Memorial Day bloodbath: Chicago rocked after 8 killed, 25 injured during holiday weekend crime wave

In an effort to curb the holiday’s expected violence, Chicago Police Department deployed more than 1,000 additional officers citywide throughout Tuesday


                            Memorial Day bloodbath: Chicago rocked after 8 killed, 25 injured during holiday weekend crime wave

Since Friday, eight people were killed in shootings across the city of Chicago along with 25 others injured, law enforcement told WLS. The Memorial Day weekend has proven to be worse than last year when seven people were killed and 45 others were wounded.

Authorities deployed about 1,300 extra officers on patrol with considerable help from state and federal partners in an attempt to curb the unnerving crime statistics, considering the extended weekend is typically one of the busiest of the year for the Chicago Police Department.



On Monday afternoon, Deputy Chief Al Nagode spoke to reporters at Foster Avenue beach.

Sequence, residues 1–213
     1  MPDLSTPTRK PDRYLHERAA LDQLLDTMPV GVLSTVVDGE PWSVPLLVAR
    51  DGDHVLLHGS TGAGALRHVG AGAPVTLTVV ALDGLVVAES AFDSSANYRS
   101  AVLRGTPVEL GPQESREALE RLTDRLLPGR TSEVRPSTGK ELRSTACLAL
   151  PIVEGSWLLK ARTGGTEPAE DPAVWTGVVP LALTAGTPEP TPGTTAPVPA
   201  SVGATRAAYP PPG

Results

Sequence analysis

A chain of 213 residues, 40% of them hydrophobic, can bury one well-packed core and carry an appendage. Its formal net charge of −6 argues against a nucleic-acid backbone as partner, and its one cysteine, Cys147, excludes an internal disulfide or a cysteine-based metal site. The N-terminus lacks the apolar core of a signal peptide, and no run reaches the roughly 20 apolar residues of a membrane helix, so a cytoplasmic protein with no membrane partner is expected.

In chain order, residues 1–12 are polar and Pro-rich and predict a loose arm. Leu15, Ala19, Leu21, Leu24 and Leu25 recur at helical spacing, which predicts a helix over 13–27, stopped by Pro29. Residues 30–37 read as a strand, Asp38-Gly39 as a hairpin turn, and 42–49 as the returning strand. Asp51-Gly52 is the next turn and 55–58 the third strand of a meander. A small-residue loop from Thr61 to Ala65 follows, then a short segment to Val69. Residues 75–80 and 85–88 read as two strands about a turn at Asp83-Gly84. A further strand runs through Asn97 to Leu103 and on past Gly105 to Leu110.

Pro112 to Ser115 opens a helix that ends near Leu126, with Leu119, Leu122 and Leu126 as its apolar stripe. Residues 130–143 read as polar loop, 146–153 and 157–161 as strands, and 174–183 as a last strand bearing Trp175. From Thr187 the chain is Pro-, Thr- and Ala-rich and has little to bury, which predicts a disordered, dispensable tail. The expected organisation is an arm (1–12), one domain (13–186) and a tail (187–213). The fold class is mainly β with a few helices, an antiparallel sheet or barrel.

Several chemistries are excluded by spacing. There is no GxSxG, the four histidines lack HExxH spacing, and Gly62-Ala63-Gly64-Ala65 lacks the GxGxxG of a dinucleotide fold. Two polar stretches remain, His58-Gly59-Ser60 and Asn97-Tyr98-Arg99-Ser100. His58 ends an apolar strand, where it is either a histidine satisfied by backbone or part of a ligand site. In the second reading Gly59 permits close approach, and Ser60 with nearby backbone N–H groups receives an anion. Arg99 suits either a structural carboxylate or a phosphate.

He asserted that he's assigned officers on bicycle patrol across the beaches north of Fullerton Avenue in order to contain any form of retaliation after the shootings over the weekend, reported the Chicago Tribune.

Nagode supervises street patrol operations on the North, Northwest and West Sides.

He said, “We’re balancing the officers that I need on the lakefront, and I’ve got my gang teams and my saturation teams and those guys that are working in the districts targeting not only the individuals that are driving the violence but the gangs that are creating the culture that’s allowing this violence to occur."



Much of the force focused on large groups of youths that caused disruptions to people and businesses in the area. Authorities reported that in one of the attacks teenagers damaged property at a Target store at Clark Street and Roosevelt Road.

While numerous youths were arrest on misdemeanor reckless conduct and disorderly conduct offenses, officers had to push large groups onto CTA Red Line trains at Chicago Avenue and State Street so that they would ride toward the South Side.